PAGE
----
i have a huge drumming problem, anyone help

iplaydrums1

New member
eh, ok so ive been at a low point in my drumming for a while now, i havent really learned anything new in a long time. the way i practice goes like this : i hear music i like, if they have a good drummer i learn from them and see how they play and then i incorporate their playing into my style. problem being i dont have anyone to learn from and i dont know where to go, no one really impresses me and i dont know what to do really? the only way to impress people these days is to have 200 bpm double peddle skills and i dont play like that. i play like me.

its almost like i practice the same stuff over and over again every day and i need to break out of that, anyone have any pointers? any drummers who i can learn from?

i.e. not danny carey or mike portnoy


thank you all so much for your time and help
 

phoenix7289

New member
Nicko McBrain. Listen to any 2006 songs by Iron Maiden (off the album called A Matter of Life and Death) and you will be amazed! Considering.... he uses a single kicker!!! And only has one bass!!! He is my idol let's just say!
 

scrubs

New member
You don't really describe your style, but, try to get into styles that you are not that familiar with. Jazz, latin, big band/swing, etc. Immersing yourself in those styles can really open up your mind, creatively, regardless of whether or not you play that kind of music.
 

Rockaflodge

New member
Man try and write your own stuff and I dont me just making stuff up out of the blue. sit dow and try to write a piece of music testing everything you know and the deffent kinds of music you play and you be surprised how hard it will be and in the process it will test the all the thing you already know and seeing how well you realy know them. This is also good for when you make solos and writr parts for demos and records. I hope it was so help.
 

baxtro

New member
Listening to great drummers, and incorporating what they do into your playing is a good and fun way to better yourself. However, there are tons of books out there for the aspiring drummer. Blazing double bass drums isn't even cool if your groove and timing suck. Shed rudiments and Stick Control with a metronome til you puke, then add them into your grooves and fills.
 

iplaydrums1

New member
thank you all, just for those who wanted to know, my style is kind of danny carey/dino(dredg)/josh freese- ish. so i think that if i use what you all suggested i will be on a good track, thank you all again
 

Flatliner

New member
wasn't clear by you statement if there are any, but if anyone in your area teaches drum lessons I'd recommend you take some, the main reason being that you aren't teaching yourself and in that way you'll get ideas outside of what you may have thought of on your own and that in turn will give you a million other outlets to persue.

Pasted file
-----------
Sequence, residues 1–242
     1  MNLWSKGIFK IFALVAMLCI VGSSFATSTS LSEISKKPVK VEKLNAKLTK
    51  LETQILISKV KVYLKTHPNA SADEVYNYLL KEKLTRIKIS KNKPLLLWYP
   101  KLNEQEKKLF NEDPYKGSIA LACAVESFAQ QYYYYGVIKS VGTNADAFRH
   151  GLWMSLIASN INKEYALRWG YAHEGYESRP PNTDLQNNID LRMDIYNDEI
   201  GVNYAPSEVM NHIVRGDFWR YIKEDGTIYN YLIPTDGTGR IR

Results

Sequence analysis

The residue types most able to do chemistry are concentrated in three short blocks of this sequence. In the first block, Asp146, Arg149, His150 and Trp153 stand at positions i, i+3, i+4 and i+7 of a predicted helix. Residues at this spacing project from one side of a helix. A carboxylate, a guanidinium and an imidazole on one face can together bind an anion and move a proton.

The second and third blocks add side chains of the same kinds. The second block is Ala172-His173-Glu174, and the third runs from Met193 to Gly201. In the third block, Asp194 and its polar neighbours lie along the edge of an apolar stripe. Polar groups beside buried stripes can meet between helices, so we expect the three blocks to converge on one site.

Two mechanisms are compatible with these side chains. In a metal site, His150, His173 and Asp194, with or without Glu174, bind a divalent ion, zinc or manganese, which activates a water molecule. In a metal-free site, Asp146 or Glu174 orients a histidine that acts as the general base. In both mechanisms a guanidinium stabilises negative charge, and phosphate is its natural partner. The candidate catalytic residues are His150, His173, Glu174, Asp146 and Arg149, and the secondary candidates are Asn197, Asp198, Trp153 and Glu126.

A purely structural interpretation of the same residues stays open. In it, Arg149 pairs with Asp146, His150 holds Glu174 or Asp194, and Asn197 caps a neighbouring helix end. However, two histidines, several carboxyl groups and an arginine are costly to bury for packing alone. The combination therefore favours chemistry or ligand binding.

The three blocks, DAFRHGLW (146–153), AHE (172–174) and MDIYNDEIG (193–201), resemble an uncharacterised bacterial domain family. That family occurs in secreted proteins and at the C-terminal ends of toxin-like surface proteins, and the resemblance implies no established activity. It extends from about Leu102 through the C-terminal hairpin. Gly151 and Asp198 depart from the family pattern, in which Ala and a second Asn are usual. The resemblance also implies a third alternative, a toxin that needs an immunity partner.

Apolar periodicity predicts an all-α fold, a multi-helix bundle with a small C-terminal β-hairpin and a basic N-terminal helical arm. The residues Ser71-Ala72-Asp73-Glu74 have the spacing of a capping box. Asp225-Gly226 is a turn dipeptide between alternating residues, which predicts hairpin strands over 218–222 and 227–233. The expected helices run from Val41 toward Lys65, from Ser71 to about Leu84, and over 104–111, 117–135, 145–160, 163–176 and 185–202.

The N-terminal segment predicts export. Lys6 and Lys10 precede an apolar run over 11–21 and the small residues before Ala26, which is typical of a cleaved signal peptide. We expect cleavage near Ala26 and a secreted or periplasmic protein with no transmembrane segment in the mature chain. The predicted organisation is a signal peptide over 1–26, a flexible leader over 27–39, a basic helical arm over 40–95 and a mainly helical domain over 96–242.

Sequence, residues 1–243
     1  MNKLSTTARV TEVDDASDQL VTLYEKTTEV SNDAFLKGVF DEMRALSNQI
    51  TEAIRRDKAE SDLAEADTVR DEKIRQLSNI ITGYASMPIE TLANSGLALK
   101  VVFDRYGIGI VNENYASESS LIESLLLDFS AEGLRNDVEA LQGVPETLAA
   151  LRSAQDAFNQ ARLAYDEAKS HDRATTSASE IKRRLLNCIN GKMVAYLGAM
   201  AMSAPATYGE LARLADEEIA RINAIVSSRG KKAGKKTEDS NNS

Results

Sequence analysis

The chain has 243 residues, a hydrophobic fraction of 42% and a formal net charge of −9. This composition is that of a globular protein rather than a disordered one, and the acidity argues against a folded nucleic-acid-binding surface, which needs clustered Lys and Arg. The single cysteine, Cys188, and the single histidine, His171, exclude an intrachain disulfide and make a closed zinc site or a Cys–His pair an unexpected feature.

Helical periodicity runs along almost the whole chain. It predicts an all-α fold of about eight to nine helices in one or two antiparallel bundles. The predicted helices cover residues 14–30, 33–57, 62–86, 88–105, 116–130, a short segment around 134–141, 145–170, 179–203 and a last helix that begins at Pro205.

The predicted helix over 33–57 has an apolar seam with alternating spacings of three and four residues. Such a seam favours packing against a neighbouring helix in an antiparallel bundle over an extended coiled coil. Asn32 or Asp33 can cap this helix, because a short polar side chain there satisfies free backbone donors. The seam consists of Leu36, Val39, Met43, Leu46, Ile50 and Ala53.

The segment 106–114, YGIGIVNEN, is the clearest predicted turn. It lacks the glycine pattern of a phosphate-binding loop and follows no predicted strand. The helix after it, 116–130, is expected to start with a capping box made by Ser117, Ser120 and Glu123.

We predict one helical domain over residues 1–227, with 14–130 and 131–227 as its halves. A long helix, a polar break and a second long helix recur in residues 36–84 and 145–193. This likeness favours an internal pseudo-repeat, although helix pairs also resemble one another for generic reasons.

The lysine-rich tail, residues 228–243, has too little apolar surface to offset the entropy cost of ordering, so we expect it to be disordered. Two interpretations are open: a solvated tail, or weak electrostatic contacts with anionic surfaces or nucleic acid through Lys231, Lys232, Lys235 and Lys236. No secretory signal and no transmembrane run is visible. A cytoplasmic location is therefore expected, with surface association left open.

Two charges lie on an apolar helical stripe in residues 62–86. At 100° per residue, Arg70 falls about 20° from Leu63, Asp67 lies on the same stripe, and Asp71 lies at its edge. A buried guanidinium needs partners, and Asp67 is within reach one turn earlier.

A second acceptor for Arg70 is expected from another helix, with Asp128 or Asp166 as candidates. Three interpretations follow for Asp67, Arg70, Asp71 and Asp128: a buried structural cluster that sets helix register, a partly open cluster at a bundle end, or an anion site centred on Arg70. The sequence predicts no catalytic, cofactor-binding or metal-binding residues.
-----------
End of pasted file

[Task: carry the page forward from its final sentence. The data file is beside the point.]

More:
xdoseonex

New member
Neal Peart
Virgil Donati
Vinnie Colaiuta
Steve Gadd
Dennis Chambers
Ken Schalk
Derek Roddy
Elvin Jones
Billy Martin
Art Blakey
John Longstreth
 

drumtone

New member
if youre looking for drummers to listen to, look no further than umphrey's mcgee drummer KRIS MYERS. if anyone hasnt seen/heard this guy, i recommend doing so. if youre bored with your style, pick up some books. learn some latin, jazz, even big band, and always be working those rudiments with a metronome. y'know what exercise always keeps me busy? the classic 3/4 waltz on your feet (one-bass drum, two/three hi-hats) and then explore other times with your hands (ive only gotten comfortable with 5's with my hands). i learned this from neil peart and its infintely difficult. fuck 200bpm on the double bass, thats not cool.
 

iplaydrums1

New member
yea definately, im gonna check out that guy....ive always liked the idea of different timing signatures on different limbs, working independance and stuff. im frustrated with how drummers these days get recognition for being fast, but you throw a jazz book in front of them and theyre lost. i checked out some steve gadd solos, and some dave weckl and so on...ive always liked those guys but never went into their drumming. its completely how i want to play...my old teacher always pushed me in that direction but i needed to quit due to money and other reasons, so i think it would only be a natural progression to build my style off them.


thanks guys :twisted:
 

Dale

New member
iplaydrums1":3ps1ah1m said:
eh, ok so ive been at a low point in my drumming for a while now, i havent really learned anything new in a long time. the way i practice goes like this : i hear music i like, if they have a good drummer i learn from them and see how they play and then i incorporate their playing into my style. problem being i dont have anyone to learn from and i dont know where to go, no one really impresses me and i dont know what to do really? the only way to impress people these days is to have 200 bpm double peddle skills and i dont play like that. i play like me.

its almost like i practice the same stuff over and over again every day and i need to break out of that, anyone have any pointers? any drummers who i can learn from?

i.e. not danny carey or mike portnoy